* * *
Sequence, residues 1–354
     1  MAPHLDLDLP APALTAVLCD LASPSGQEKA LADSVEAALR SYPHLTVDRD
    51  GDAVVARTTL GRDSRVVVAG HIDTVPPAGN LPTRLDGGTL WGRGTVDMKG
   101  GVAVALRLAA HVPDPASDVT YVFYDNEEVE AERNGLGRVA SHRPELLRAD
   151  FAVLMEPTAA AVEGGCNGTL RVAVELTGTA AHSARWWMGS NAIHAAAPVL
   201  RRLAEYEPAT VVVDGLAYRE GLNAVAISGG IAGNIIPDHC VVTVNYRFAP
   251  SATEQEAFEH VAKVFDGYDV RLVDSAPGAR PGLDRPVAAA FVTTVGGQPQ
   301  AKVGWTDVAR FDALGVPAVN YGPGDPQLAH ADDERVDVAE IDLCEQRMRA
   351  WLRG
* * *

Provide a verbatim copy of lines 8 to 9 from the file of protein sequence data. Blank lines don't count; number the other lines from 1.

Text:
   301  AKVGWTDVAR FDALGVPAVN YGPGDPQLAH ADDERVDVAE IDLCEQRMRA
   351  WLRG